Some holiday companies are reporting dismal bookings and falling prices. A Scottish hotel that two years ago announced a three-night package for over pounds 8,000 has been obliged to shave one-third off the price. And while British Airways is boasting of reservations that are 50 per cent higher than usual, its partner Qantas has cut fares for travel to Australia in December by a quarter.
One tour operator reports overseas sales for the end of 1999 running at less than half the levels for the last New Year. "The initial hype about crazy prices has frightened off much of the travelling public," said John Bennett of the North American specialist Ski Independence. "While the rest of the winter is 24 per cent up on last year, over the millennium our bookings are down 50 per cent or more. People simply won't pay the prices airlines and hotels are demanding."
Bookings for traditional Christmas and New Year destinations, such as Florida and the Caribbean, are strong, but locations that have set themselves up as party venues are far from full. "In Rio, hotel rates are 10 or 15 times the normal levels. Combined with air fares around pounds 300 higher than the usual Christmas peak, bookings are sluggish," said Andre de Mendonca of South American Experience.
Discount travel agents are reporting the first signs of panic among airlines that they may not fill all their seats at a time when profits are usually maximised. Qantas this week cut the fare for flights in December between the UK and the main Australian cities by 25 per cent.
Early bookers who paid more than pounds 1,700 for a return flight from London to Sydney are likely to find themselves sitting next to passengers who have paid less than pounds 1,300.
They could also find themselves flying on a BA aircraft, even though BA claims its bookings are running at 50 per cent more than usual. A survey carried out by The Independent of 20 airlines found passenger increases of between zero and 6 per cent were the norm. One long-haul travel agent said: "The crucial time is approaching. A few airlines are starting to free up seats at lower fares, which looks like the first sign of panic."
Closer to home, a four-night break in Bruges offered by the Yorkshire-based operator Ferrysavers has not been selling well, despite being priced at below pounds 300. David Barber, the company's marketing manager, said: "The take-up hasn't been particularly good for the millennium period."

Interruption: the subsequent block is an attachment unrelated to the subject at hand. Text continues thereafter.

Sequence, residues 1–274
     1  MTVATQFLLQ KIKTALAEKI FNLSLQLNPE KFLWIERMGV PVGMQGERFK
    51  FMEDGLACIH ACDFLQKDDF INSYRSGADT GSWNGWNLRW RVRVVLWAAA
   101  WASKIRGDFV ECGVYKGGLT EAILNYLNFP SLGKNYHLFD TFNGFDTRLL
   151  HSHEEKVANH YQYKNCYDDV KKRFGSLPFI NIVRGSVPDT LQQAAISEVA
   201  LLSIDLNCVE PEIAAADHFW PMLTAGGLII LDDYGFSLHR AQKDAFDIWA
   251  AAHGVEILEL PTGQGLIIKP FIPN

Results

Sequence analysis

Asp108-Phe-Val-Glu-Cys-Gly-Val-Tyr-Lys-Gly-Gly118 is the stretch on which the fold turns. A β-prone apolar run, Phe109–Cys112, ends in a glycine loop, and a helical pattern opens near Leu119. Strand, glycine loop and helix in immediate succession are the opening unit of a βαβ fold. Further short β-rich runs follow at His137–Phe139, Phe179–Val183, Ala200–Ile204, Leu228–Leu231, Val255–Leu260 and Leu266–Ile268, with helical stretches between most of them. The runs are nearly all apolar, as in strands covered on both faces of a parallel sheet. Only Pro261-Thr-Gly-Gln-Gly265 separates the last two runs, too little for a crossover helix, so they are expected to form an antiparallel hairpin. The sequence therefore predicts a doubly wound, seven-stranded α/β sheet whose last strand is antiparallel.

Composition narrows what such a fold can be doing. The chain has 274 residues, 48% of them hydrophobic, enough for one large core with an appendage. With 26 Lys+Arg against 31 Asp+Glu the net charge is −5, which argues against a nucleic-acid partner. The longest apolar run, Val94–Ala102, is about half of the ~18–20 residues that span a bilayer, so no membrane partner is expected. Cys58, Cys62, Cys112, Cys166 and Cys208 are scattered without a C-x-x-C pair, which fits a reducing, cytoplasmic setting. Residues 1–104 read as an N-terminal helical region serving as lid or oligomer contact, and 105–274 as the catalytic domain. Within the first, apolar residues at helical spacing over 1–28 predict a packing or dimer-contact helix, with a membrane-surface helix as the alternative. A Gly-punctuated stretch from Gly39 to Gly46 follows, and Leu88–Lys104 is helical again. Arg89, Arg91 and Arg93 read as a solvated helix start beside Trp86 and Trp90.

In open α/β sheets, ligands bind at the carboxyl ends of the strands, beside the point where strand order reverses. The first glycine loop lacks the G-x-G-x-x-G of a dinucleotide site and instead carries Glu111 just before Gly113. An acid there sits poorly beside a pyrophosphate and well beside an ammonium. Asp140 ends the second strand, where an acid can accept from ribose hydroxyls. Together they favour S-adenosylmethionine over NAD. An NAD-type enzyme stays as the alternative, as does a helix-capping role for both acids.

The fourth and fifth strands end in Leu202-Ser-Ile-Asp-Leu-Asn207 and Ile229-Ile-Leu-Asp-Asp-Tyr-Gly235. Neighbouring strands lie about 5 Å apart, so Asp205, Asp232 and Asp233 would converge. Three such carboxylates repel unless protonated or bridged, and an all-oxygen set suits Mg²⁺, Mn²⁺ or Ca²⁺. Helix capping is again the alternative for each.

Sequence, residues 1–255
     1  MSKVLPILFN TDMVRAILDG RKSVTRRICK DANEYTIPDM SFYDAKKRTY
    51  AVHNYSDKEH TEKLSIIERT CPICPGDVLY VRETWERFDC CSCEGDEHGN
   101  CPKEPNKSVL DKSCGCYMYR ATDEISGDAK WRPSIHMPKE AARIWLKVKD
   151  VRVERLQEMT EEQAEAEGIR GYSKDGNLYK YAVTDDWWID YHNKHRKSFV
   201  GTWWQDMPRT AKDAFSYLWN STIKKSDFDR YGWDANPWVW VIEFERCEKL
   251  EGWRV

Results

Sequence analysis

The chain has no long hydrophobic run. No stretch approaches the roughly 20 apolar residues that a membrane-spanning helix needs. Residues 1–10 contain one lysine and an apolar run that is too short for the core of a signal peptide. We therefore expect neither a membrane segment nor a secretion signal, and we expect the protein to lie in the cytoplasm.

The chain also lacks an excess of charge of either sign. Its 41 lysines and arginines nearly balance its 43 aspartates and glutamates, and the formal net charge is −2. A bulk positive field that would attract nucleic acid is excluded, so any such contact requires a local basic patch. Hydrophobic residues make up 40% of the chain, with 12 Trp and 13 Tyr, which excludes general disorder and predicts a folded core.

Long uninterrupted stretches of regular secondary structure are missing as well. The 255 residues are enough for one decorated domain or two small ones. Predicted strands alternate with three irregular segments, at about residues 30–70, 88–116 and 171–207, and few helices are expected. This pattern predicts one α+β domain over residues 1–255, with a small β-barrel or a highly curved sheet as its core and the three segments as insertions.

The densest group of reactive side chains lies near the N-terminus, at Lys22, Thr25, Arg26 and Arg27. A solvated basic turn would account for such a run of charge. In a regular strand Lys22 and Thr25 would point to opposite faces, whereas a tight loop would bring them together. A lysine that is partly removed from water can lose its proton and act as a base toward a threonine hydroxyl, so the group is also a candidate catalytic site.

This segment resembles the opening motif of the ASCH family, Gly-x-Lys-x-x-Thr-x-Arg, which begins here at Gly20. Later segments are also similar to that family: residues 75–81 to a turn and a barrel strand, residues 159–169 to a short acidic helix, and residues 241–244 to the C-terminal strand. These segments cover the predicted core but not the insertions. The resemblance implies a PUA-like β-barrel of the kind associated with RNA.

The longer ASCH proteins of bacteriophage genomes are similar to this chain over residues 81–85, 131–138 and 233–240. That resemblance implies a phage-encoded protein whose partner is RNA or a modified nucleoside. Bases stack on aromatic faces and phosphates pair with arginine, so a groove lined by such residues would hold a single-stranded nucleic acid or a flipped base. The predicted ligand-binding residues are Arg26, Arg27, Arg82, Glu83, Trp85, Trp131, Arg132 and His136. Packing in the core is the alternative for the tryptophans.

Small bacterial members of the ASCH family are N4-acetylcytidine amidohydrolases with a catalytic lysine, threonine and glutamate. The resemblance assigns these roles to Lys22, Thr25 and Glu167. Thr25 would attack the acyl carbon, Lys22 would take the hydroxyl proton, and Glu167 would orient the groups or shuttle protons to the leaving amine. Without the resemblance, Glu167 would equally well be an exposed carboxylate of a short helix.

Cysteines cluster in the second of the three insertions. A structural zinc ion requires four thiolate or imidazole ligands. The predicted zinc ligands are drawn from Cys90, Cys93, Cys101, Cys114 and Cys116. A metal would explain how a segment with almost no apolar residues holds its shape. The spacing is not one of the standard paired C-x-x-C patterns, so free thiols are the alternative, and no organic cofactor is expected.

At the Balmoral hotel in Edinburgh, the price of hogmanay packages has been cut from pounds 8,500 to pounds 5,700. A spokeswoman for the hotel, which is offering three-night stays in the Scottish capital over the New Year, said reservations staff have been "inundated" with inquiries, but only one-third of available rooms have been booked.
Airlines are having to offer large inducements to persuade staff to keep planes flying; BA is giving staff who work thatnight four free tickets to anywhere in the world.
Travellers are also being deterred by uncertainty over the effects of the millennium bug. Holiday companies have inserted a standard exclusion clause in brochures disclaiming any responsibility for problems that might occur. Anxieties are likely to be heightened within the next two weeks: the International Air Transport Association is to circulate members with the results of its survey into the readiness of airports and air traffic control, but aims to keep the information from the travelling public.
"The millennium is going to be about as exciting as the eclipse," said John Bennett. of Ski Independence. "If I were a customer, I'd sit tight and be ready to pick up the bargains."Reuse content